West Pharmaceutical Services Inc. is expanding capacity to produce new syringe systems in Scottsdale, Ariz.
The Lionville, Pa., firm has embarked on a multimillion-dollar program to make a 1-milliliter syringe out of a cyclic polyolefin that overcomes problems with glass-based syringes, said Eric Resnick, engineering vice president for West Delivery Systems. The program will be completed in the fourth quarter of 2011.
The new syringe system is injection molded from Daikyo Crystal Zenith, a cyclic polyolefin developed by West's Tokyo-based partner, Daikyo Seiko Ltd. The new products don't shatter or delaminate like glass syringes can, the company claims.
West Pharmaceutical is converting 32,000 square feet of space to Class 10,000 clean rooms for automated manufacturing, Resnick said in a telephone interview. As well, it will add testing laboratories and more climate-controlled warehouse space. It already has launched the project and has added several new injection molding machines. At least six more will be installed for the program, he said.
Scottsdale was chosen for the syringe program because of its technical capabilities such as engineering, its in-house tool shop and a bank of injection molding presses. Scottsdale won out over West's three production plants in the Phoenix area.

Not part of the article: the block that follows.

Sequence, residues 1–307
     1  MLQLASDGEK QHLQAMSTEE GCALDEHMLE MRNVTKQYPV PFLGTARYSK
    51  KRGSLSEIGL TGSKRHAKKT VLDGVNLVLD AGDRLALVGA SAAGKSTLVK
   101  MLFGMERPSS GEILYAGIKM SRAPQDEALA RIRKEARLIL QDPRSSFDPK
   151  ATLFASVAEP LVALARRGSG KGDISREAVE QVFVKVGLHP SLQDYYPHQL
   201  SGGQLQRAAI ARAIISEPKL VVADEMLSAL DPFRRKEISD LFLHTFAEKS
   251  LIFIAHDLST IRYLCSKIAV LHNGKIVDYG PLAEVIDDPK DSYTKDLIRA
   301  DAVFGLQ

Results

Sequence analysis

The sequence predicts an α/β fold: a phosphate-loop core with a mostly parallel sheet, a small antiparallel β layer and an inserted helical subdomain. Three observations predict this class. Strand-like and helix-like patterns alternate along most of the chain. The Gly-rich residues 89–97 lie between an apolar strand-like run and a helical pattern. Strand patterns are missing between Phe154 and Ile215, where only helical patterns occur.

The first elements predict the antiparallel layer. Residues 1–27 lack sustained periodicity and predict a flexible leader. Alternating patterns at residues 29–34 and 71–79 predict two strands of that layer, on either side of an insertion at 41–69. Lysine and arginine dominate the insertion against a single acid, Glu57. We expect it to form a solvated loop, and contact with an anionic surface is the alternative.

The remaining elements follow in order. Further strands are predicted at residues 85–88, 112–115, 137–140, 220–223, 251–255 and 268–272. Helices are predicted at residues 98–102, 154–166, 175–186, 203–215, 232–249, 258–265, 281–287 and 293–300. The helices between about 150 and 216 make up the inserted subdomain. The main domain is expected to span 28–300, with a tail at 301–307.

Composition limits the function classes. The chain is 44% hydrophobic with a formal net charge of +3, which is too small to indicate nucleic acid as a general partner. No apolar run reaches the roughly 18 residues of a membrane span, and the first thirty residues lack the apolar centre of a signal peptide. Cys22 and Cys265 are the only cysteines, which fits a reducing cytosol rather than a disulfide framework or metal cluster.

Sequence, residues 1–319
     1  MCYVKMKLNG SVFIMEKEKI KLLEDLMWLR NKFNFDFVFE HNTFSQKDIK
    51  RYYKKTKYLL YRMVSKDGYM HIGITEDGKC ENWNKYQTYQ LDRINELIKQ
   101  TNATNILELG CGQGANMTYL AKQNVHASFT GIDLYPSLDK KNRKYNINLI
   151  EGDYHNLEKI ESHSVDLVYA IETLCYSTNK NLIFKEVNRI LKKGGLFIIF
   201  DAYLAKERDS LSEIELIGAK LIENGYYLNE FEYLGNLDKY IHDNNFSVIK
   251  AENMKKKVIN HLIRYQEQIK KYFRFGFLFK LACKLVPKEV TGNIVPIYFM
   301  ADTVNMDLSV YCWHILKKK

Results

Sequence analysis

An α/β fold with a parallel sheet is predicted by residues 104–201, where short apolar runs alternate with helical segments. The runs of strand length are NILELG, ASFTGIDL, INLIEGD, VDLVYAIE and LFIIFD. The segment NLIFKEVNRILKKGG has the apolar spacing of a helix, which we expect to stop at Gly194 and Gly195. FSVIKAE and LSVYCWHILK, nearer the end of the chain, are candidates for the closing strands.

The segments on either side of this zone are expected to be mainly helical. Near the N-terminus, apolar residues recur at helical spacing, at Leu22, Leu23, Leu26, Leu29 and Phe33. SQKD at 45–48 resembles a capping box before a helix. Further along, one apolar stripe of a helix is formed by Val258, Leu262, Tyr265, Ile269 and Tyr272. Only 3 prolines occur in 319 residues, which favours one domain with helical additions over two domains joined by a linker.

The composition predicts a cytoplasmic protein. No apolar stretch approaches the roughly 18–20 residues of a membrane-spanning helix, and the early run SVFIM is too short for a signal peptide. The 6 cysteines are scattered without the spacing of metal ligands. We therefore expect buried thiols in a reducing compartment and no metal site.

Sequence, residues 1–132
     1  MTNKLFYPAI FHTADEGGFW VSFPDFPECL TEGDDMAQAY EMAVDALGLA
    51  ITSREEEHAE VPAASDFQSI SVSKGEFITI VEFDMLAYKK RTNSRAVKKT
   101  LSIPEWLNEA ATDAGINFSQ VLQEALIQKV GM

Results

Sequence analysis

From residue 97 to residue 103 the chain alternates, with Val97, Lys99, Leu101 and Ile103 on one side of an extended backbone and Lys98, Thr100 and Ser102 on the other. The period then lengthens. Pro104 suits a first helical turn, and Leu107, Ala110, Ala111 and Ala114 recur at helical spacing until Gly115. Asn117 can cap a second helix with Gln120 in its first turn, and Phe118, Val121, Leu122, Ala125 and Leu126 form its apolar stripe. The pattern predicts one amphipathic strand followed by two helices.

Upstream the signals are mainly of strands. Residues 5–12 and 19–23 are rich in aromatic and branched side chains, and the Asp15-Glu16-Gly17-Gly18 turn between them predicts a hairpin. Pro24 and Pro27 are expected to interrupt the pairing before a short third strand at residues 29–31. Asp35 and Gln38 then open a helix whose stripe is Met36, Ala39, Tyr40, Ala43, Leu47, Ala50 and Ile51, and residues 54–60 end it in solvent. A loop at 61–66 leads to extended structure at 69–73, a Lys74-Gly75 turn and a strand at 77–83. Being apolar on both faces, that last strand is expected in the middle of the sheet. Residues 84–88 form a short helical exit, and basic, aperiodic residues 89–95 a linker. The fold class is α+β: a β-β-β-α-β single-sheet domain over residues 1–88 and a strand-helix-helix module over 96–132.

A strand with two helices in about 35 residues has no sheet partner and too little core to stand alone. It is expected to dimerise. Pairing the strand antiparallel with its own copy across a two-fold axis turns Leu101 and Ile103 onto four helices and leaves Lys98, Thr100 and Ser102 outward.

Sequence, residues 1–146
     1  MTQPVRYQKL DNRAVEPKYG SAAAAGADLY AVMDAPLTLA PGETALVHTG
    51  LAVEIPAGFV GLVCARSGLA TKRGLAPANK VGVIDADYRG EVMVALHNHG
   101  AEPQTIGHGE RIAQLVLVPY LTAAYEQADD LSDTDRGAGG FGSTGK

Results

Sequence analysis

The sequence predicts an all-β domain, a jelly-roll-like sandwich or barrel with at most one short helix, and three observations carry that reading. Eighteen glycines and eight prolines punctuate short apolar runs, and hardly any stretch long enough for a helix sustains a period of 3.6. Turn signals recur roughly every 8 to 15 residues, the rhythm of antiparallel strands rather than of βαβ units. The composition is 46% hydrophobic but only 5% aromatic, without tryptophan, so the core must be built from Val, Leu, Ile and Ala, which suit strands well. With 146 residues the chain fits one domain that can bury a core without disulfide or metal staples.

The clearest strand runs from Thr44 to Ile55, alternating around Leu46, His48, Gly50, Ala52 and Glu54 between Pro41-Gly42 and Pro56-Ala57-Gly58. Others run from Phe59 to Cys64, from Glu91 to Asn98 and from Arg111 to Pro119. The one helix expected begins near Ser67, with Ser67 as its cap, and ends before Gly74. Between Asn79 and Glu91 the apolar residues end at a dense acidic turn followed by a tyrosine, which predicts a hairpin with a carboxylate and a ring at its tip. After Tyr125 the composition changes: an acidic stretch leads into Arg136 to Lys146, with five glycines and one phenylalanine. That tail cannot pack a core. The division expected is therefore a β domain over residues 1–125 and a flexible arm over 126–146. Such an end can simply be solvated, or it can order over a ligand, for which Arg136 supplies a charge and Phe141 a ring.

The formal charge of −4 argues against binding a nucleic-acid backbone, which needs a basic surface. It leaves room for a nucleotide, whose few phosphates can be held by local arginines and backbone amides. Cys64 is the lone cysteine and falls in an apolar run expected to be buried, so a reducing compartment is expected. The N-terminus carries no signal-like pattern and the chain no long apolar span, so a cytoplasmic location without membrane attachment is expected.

We found a high level of interest in the Crystal Zenith insert needle syringe system during its formal launch at a customer open house in Scottsdale last October, West Chairman and CEO Donald Morel said in a news release. The renovation project will give us the space for additional sophisticated injection molding technologies.
Resnick did not disclose what equipment maker will supply presses for the expansion, but he said Milacron, Arburg and Netstal machines all fit its requirements.
In other news, publicly held West reported a decline in fourth-quarter net income to $5.9 million from $20.3 million a year earlier. That period's sales, at $276.8 million, were 5.7 percent lower than in 2010. The firm said non-recurring product sales, adverse currency effects and drawdown of customer inventories hurt results.